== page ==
This also means ILists can be used as map keys, which is a very useful property in itself, but can also help when implementing some other interesting data structures. For example, to implement caches:

Map<IList, int> sumResult = {};

String getSum(int a, int b) {
   var keys = [a, b].lock;
   var sum = sumResult[keys];
   if (sum != null) {
     return "Got from cache: $a + $b = $sum";
   } else {
     sum = a + b;
     sumResult[keys] = sum;
     return "Newly calculated: $a + $b = $sum";

print(getSum(5, 3)); // Newly calculated: 5 + 3 = 8
print(getSum(8, 9)); // Newly calculated: 8 + 9 = 17                     
print(getSum(5, 3)); // Got from cache: 5 + 3 = 8

However, ILists are configurable, and you can actually create ILists which compare their internals by identity or deep equals, as desired. There are 3 main ways to do achieve:

  1. You can use getters withIdentityEquals and withDeepEquals:

    var ilist = [1, 2].lock;
    var ilist1 = [1, 2].lock;              // By default use deep equals.
    var ilist2 = ilist.withIdentityEquals; // Change it to identity equals.
    var ilist3 = ilist2.withDeepEquals;    // Change it back to deep equals.
    print(ilist == ilist1); // True!
    print(ilist == ilist2); // False!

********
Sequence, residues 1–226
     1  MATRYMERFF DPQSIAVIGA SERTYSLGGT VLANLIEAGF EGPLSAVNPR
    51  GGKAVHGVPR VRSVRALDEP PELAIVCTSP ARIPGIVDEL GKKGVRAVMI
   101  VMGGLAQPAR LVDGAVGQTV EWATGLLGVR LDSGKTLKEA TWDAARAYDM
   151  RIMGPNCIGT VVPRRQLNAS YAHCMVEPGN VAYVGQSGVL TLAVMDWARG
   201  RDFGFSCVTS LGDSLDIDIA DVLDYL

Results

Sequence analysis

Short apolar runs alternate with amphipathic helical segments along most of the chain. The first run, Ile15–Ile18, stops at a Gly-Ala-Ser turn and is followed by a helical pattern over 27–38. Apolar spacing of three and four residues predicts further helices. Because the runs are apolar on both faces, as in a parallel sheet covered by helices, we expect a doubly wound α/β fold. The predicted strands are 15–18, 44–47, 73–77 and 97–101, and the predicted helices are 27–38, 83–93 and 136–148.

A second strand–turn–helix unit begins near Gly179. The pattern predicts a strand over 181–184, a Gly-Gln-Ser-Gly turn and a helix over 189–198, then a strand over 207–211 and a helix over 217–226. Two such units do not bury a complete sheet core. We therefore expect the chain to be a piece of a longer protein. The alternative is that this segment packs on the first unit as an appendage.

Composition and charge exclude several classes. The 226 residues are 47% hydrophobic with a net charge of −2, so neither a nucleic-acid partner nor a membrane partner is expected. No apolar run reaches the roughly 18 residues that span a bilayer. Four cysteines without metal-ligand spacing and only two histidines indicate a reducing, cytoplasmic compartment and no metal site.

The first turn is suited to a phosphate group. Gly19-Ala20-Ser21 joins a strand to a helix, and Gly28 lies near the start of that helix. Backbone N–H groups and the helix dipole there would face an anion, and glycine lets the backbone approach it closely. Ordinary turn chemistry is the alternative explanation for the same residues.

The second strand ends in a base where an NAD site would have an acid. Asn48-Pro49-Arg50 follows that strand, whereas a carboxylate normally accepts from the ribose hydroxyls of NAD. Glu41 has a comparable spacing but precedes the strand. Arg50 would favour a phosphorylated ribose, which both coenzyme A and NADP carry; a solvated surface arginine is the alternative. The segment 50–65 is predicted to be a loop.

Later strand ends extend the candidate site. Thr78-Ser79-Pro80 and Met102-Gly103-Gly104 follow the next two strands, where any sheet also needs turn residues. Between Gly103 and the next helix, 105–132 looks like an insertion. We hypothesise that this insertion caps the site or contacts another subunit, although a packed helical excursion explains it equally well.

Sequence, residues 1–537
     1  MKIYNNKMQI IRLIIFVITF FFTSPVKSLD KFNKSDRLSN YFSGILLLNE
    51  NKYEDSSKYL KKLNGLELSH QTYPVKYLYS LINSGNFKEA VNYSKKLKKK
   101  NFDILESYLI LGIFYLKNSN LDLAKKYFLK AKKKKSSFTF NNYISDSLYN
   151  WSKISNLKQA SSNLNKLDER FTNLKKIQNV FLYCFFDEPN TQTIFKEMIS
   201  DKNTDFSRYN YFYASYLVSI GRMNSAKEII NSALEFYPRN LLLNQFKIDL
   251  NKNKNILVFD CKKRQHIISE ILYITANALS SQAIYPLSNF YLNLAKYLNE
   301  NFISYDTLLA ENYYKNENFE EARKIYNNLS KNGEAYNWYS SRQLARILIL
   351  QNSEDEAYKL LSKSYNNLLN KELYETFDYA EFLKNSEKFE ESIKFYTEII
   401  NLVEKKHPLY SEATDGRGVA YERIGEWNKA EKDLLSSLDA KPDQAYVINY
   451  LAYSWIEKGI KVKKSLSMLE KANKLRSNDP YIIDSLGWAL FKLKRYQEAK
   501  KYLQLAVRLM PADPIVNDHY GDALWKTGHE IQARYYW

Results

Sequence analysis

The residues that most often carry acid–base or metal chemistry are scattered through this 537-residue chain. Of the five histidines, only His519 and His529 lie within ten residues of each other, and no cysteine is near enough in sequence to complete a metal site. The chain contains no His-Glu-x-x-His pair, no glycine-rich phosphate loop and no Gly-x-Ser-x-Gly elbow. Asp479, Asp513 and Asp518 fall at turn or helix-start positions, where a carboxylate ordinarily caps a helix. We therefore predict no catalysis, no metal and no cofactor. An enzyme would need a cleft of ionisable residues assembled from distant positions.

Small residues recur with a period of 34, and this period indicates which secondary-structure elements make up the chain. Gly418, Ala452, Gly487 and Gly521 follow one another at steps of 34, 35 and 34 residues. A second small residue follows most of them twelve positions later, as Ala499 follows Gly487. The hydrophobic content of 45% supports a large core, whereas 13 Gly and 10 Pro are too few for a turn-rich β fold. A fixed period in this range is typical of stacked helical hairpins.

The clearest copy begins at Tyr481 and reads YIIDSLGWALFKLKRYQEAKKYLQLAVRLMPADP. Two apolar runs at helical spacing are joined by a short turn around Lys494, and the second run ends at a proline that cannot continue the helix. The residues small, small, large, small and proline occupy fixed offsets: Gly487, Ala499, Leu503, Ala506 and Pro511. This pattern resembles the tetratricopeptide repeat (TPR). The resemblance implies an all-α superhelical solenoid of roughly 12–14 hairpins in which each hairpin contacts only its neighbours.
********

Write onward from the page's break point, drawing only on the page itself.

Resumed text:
print(ilist == ilist3); // True!
  2. You can also use the withConfig method and the ConfigList class to change the configuration:

    var list = [1, 2];
    var ilist1 = list.lock.withConfig(ConfigList(isDeepEquals: true));
    var ilist2 = list.lock.withConfig(ConfigList(isDeepEquals: false));
    print(list.lock == ilist1); // True!
    print(list.lock == ilist2); // False!
  3. Or you can use the withConfig constructor to explicitly create the IList with your desired configuration:

    var list = [1, 2];
    var ilist1 = IList.withConfig(list, ConfigList(isDeepEquals: true));
    var ilist2 = IList.withConfig(list, ConfigList(isDeepEquals: false));
    print(list.lock == ilist1); // True!
    print(list.lock == ilist2); // False!

The above described configurations affects how the == operator works, but you can also choose how to compare lists by using the following IList methods: